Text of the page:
The year is 2018 and the Lakers are coming for your stars. The plan has been in place for some time, but was ramped up nearly a year ago when Magic Johnson Rob Pelinka went on the record only 4 months after taking over as faces of the front office and spelled it out.
Move after move was made only, seemingly, to advance towards this goal. Trade D’Angelo Russell to get out of Timofey Mozgov’s contract. Shed Jordan Clarkson and Larry Nance for expiring contracts (not to mention a 1st round pick that could be used on a player or as sweetner in a future trade) to open up more cap space. There was even a report that the Lakers could have agreed to contract extension with Julius Randle before this season, but balked, at least partially, because they did not want to tie up cap the space before this summer.
All these deals were made (or, not made) with this summer’s FA crop in the front-office’s cross hairs. And as we inch closer to July and watch potential targets’ playoff hopes dashed (wut up, playoff-P), fans’ focus is only intensifying on what can be impact summer.
As all that happens, though, I’m also reminded of past failures using this exact strategy. We don’t need to go over the list of names now playing on other teams, only that they’re not currently playing for the Lakers. Whether we want to view that as a blessing or not (hello there, Carmelo Anthony and LaMarcus Aldridge) isn’t as relevant to me as the fact that we as fans should be all too familiar with how fickle free agency can be.
I understand that arguments can be made that this year feels different. And, in many ways, I agree with that sentiment. The simple presence of young players who have shown real potential is a huge thing that can serve as a red carpet for any A-list free agent. The shift from a Jim Buss led front office to a Magic Johnson led one is ridiculous even if only from the standpoint of cachet and how he relates to the people he’ll be pitching (and that’s not the only standpoint).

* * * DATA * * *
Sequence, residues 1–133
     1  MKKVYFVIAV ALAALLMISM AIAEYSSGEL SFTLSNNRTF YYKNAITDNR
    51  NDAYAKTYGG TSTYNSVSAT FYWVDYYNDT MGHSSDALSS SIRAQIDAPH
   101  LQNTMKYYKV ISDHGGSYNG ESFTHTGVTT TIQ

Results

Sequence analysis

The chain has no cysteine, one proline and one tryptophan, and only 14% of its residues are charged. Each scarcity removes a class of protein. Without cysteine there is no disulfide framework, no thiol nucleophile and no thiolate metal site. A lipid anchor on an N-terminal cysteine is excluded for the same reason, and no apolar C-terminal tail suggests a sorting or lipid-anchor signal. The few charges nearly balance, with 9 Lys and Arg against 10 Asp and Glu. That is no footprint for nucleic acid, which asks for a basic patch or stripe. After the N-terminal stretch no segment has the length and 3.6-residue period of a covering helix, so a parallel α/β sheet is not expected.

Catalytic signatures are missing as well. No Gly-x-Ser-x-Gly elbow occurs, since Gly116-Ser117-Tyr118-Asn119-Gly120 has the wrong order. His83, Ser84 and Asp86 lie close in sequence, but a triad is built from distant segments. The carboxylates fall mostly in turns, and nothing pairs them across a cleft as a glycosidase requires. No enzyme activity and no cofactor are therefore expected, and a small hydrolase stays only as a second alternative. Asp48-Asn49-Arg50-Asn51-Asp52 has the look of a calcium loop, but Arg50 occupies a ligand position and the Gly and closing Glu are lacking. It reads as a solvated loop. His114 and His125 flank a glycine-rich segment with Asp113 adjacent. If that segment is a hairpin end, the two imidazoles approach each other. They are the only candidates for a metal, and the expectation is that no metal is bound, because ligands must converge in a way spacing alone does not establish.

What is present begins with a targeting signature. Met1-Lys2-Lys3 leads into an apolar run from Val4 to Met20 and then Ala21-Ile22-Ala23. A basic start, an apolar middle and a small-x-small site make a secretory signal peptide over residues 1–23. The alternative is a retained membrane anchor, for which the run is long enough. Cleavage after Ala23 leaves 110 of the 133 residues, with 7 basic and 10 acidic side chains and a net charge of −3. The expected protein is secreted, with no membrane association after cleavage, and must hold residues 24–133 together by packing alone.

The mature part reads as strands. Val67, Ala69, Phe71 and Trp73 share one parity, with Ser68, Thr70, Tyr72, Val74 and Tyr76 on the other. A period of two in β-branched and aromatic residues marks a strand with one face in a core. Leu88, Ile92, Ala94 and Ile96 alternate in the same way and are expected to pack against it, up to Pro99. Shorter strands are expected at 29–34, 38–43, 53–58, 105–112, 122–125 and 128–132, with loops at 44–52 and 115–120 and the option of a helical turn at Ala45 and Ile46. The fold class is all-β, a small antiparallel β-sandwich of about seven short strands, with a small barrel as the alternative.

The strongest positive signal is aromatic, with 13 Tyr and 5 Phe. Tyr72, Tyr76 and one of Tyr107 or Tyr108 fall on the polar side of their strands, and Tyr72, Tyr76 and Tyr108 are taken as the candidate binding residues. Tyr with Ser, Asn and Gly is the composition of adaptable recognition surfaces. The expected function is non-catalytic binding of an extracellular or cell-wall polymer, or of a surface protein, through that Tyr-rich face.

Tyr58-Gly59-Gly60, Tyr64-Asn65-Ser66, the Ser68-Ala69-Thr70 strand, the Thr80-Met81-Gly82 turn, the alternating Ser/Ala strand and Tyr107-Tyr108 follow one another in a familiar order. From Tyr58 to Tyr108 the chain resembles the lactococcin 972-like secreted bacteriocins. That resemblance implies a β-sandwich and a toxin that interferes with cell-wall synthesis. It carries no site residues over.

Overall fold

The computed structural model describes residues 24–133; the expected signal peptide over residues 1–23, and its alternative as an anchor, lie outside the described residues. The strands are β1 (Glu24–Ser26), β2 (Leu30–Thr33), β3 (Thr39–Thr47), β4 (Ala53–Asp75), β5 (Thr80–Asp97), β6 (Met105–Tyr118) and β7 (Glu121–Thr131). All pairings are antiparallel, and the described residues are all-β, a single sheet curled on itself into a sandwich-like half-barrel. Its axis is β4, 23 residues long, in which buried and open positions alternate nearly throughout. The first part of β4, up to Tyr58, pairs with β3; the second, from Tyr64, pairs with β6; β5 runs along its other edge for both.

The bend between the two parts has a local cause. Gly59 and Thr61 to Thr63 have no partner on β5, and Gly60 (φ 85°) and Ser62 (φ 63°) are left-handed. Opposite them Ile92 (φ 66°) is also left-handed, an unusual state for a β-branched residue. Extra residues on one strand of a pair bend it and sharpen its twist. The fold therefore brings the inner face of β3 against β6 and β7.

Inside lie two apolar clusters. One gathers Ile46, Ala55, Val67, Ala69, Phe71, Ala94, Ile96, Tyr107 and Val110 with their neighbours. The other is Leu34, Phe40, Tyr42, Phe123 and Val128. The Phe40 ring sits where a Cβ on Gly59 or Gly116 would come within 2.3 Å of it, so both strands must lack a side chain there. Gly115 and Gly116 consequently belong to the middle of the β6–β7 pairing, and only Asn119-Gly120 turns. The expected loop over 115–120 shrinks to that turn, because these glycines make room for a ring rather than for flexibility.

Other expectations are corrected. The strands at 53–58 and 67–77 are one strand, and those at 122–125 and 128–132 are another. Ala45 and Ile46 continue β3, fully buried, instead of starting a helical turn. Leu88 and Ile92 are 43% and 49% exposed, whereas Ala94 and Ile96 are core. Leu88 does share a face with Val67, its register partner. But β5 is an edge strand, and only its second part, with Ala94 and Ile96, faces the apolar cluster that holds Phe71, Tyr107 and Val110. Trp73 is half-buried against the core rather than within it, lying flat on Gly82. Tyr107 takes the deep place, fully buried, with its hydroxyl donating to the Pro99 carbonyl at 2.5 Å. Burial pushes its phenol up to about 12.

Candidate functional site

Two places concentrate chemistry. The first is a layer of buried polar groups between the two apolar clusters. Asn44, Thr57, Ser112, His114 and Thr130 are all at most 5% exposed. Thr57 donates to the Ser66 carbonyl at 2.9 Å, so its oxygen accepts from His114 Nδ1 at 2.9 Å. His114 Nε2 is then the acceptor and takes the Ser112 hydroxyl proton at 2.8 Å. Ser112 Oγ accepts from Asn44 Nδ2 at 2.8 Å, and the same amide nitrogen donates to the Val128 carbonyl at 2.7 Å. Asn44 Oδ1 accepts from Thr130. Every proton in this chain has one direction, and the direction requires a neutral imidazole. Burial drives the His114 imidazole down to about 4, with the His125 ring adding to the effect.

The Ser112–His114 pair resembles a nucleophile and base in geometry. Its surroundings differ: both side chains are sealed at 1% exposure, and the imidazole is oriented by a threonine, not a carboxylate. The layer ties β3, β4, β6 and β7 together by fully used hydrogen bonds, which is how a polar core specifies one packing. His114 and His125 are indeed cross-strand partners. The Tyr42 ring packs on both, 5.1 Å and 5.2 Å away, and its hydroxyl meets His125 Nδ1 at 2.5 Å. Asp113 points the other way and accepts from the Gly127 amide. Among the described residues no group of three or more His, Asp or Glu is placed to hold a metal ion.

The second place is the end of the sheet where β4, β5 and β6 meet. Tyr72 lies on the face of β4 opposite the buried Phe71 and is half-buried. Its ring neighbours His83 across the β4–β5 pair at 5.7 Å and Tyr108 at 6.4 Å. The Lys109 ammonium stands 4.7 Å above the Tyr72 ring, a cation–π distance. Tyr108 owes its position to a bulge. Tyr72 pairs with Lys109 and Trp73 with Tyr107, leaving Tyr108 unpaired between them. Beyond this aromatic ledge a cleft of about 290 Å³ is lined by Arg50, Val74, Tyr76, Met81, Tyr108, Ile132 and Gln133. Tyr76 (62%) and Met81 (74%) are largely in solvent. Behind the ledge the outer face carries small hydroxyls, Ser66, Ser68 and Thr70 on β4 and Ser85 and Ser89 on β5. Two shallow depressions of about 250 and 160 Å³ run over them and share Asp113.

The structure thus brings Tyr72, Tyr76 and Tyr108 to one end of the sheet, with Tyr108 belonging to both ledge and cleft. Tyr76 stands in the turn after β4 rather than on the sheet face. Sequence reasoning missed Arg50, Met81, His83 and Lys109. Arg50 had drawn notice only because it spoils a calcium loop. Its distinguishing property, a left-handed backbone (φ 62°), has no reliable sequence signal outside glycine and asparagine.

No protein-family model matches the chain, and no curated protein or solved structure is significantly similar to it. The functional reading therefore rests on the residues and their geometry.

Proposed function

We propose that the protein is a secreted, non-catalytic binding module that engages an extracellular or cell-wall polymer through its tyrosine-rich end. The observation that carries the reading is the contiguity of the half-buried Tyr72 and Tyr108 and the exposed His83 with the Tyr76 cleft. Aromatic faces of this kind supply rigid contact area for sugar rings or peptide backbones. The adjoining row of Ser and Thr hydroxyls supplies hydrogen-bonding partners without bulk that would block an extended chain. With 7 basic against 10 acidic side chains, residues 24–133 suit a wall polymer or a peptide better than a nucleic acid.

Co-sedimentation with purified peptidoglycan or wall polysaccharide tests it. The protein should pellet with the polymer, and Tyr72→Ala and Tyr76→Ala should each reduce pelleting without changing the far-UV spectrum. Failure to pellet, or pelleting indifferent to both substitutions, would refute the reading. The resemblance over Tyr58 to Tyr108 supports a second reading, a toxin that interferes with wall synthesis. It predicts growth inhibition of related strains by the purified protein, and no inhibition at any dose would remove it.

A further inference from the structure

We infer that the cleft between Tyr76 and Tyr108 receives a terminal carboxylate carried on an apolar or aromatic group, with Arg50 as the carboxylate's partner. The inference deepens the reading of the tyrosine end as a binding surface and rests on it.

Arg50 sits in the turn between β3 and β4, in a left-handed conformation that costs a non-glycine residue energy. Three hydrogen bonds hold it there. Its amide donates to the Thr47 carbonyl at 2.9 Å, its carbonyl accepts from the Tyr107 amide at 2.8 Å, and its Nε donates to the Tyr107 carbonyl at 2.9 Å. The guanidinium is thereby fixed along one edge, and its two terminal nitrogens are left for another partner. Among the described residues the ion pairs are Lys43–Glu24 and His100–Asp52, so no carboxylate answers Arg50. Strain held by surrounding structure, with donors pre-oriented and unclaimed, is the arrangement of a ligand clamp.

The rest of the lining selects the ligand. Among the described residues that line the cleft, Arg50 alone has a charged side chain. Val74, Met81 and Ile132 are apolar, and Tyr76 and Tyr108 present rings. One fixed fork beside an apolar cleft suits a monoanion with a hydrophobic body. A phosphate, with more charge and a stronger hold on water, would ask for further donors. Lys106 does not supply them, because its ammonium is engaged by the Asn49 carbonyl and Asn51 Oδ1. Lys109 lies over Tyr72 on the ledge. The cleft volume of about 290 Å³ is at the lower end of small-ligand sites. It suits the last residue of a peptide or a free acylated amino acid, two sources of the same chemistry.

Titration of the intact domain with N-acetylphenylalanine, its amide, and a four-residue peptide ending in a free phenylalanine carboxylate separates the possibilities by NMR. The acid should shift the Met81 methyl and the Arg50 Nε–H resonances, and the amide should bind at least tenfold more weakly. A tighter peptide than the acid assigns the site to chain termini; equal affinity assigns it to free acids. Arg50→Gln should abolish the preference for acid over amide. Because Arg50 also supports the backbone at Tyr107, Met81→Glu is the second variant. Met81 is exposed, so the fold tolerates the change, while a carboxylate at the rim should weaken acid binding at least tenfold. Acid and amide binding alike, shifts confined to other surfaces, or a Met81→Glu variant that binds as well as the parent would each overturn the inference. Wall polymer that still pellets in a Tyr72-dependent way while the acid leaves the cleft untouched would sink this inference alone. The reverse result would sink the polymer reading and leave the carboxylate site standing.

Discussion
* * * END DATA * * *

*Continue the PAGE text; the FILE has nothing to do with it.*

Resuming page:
Still, though, I hope the Lakers understand that as much as they itch to get in the room with the LeBron and Paul George’s of the world, they must still maintain focus on the things they can actually control. Namely, the players who are currently on their team.
These Lakers, the Magic Johnson led Lakers, should know better than anyone about the value of internal development and homegrown talent as the basis for a championship roster.
Magic was drafted to the Lakers. As was James Worthy. AC Green and Michael Cooper, too. Byron Scott’s rights were acquired after he was drafted, but before he ever played a minute for the San Diego Clippers, in exchange for Norm Nixon (who was also a Lakers draftee). Kurt Rambis’ path to the Lakers was more unique (he was drafted by the Knicks, waived, played in Greece for a year, signed again by the Knicks, only to never play for them and then sign with the Lakers as a free agent).
Besides Kareem — who was obviously a cornerstone and superstar player — the above players make up the core of the Showtime Lakers. Of course there were supplementary talents who were important and not developed within the Lakers organization. McAdoo, Wilkes, Mychal Thompson, etc, etc. But the core of those teams were homegrown players.
Before we go too far down this path, I want to make clear I am not comparing Lonzo, Ingram, Kuzma, Hart, and Randle to the aforementioned Showtime crew. Not only are the current Lakers too young to project that type of greatness onto them, the reputations of those 80’s players were cemented by big game performances and championships. This group has not had those same opportunities to prove their mettle or build legacies.
Still, though, the Lakers need to look at them as the cornerstone players of their next great team because, in reality, they’re the only guys they currently have. And investing as heavily in their development as they can should be the chief goal. Because that’s what the Lakers actually can control.
Make no mistake, the Lakers should be actively looking to add talent by any means they can. If they can get meetings with LeBron and George, by all means give them the hard sell. Kawhi Leonard might be available in a trade? Create and keep an open line of dialogue with the Spurs. You do not win in this league without elite talent and these guys are some of the best (if not the best) players in the world. Of course you chase them if you’re able.
But the Lakers’ top goal should be trying to turn their current players into facsimiles of those guys; to develop their own players, with their exceptionally high ceilings, into the league’s next great players. Because if they can do that, they’ll be well on their way towards what their ultimate goal is. And no one should know that better than the guy in charge right now.